Sunday, January 23, 2011

Wrapping Up The Holiday Flicks - "The King's Speech"

I think it’s fair to say that “The King’s Speech” qualifies as old-fashioned entertainment. It doesn’t have flashy special-effects; it wasn’t filmed in 3D; it doesn’t feature rapid-fire dialogue being read by the youngest, hottest stars of the day. It’s a period piece set in the mid-20th century, one replete with kings, queens, princes and princesses, prime ministers, and other assorted British royalty.

The movie tells the story of King George VI’s ascension to the throne, but focuses on his lifelong battle to overcome a terrible stammer. When Albert (“Bertie”) is just a prince, it’s not such a huge issue, although it does result in public embarrassment from time to time when the prince is called upon to deliver a public speech or message. But when Bertie’s older brother Edward abdicates the throne, Bertie becomes King George and overnight is thrust into a limelight that he never sought or desired.

The heart of the movie consists of the scenes with Bertie and Lionel Logue, the commoner and would-be actor with a gift (if not necessarily a degree) for speech therapy. Their scenes together are inspiring, uplifting, and at times, downright hilarious. Both actors – Colin Firth as Bertie, and Geoffrey Rush as Lionel – are magnificent in their roles, and it will not come as a shock if they end up competing for the Best Actor Oscar. The film’s other acting is almost as impressive. There are few actors as good at playing dissolute charisma as Guy Pearce, who does a nice turn as King Edward. Helena Bonham-Carter is a loving and supportive queen, Michael Gambon a formidable and intimidating King George V, and Derek Jacobi a fussy but determined Archbishop. It’s an impressive group from top to bottom.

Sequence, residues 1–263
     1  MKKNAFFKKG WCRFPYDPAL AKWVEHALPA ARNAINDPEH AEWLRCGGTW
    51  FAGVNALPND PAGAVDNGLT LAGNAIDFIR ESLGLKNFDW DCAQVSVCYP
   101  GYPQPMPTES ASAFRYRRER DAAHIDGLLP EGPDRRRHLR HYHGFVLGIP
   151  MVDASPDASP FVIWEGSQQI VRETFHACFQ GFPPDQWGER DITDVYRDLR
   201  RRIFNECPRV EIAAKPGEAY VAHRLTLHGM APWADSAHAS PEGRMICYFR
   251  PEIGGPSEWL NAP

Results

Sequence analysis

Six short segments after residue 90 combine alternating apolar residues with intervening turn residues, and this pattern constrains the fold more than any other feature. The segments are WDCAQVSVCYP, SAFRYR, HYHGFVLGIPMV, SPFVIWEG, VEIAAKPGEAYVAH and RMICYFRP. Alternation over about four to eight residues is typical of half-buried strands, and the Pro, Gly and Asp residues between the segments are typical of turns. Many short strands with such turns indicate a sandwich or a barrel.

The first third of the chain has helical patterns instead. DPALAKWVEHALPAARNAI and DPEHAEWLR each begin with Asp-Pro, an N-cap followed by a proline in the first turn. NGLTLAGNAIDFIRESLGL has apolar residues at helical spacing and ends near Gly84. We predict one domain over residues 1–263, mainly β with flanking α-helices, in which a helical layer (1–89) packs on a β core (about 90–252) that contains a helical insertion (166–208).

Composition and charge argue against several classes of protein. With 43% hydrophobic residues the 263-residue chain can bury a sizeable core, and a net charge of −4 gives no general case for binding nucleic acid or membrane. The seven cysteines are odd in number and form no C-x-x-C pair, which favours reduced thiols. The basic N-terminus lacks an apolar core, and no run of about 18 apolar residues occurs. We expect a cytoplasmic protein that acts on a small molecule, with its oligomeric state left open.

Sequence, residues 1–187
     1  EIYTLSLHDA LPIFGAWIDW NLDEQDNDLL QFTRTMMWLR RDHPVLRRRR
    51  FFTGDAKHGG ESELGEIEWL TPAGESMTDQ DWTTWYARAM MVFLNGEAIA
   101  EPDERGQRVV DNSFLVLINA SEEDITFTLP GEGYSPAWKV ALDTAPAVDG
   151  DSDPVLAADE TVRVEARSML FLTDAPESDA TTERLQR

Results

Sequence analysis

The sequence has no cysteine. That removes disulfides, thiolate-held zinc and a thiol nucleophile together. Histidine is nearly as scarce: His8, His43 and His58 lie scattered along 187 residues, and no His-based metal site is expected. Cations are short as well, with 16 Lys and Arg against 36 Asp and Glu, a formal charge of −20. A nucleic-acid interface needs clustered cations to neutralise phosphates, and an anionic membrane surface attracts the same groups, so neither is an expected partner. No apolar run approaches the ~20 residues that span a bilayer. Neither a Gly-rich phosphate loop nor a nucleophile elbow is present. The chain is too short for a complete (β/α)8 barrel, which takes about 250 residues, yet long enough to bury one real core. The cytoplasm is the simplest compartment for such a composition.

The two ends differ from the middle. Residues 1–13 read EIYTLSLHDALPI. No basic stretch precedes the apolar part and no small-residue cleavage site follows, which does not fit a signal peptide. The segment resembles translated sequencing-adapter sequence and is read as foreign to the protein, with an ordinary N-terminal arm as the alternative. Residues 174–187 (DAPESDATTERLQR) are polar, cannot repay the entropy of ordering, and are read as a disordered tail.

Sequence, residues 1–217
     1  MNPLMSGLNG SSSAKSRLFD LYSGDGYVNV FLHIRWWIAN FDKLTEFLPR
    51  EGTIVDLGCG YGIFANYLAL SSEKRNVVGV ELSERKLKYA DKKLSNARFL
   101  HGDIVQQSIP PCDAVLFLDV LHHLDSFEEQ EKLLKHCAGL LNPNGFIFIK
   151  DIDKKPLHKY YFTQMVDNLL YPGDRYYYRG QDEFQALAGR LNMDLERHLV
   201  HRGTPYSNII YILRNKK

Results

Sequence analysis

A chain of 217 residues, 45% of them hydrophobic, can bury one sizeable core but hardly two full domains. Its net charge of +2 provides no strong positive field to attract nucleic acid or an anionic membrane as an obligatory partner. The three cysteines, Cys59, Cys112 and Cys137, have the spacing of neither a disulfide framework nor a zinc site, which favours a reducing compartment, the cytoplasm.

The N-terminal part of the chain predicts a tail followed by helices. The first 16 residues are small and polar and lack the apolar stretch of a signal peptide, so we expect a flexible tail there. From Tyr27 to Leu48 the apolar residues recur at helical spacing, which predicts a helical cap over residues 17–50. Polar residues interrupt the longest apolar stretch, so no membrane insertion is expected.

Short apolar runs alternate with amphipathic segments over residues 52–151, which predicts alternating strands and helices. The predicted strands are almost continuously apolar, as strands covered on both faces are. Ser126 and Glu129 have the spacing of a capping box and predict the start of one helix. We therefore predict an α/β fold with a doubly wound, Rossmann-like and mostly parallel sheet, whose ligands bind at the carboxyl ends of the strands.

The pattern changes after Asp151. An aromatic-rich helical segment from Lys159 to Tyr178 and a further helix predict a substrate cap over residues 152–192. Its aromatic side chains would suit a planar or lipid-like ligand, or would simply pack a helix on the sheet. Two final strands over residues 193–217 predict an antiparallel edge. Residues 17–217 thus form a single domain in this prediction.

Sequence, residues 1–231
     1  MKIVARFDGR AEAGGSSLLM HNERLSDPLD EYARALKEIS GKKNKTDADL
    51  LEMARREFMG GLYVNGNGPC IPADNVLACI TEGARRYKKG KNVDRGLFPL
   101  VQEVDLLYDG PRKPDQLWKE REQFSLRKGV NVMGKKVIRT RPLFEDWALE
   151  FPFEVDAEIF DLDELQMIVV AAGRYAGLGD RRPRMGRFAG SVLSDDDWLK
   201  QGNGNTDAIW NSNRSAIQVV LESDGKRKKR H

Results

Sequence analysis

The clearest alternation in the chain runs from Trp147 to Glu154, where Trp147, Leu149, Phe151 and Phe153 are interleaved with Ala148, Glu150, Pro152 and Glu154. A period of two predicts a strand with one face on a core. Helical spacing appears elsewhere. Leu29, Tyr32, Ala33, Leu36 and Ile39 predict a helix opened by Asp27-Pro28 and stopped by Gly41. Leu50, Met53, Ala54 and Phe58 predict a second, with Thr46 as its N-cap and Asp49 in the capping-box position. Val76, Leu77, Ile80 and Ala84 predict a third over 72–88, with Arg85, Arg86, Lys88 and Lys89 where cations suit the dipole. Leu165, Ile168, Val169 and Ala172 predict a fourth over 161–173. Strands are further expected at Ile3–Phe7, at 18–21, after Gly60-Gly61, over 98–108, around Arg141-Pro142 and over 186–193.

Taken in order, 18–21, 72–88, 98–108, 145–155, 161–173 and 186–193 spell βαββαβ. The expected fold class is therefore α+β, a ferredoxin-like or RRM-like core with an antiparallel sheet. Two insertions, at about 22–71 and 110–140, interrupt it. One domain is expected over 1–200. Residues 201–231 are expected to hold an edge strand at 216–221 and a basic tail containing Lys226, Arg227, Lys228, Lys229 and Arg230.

While it may be hard after two decades of tawdry media attention to accept anyone from the British royalty in the role of underdog, that’s exactly how “The King’s Speech” is constructed, and it works perfectly. “King Bertie” comes across as an honorable man, but one who is flawed and human. He understands his duty, is somewhat terrified by it, but is determined to overcome his faults to serve his people and his country as King. He is proud, but not so proud as to prevent Lionel Logue from coming into his life, and not too proud to become his friend.

The movie ends with the speech that gives it its title, and the moment when Lionel looks into the King’s eyes and gives him a few last words of encouragement is one of those perfect movie moments that is destined to go down as one of the greatest in the long history of cinema.

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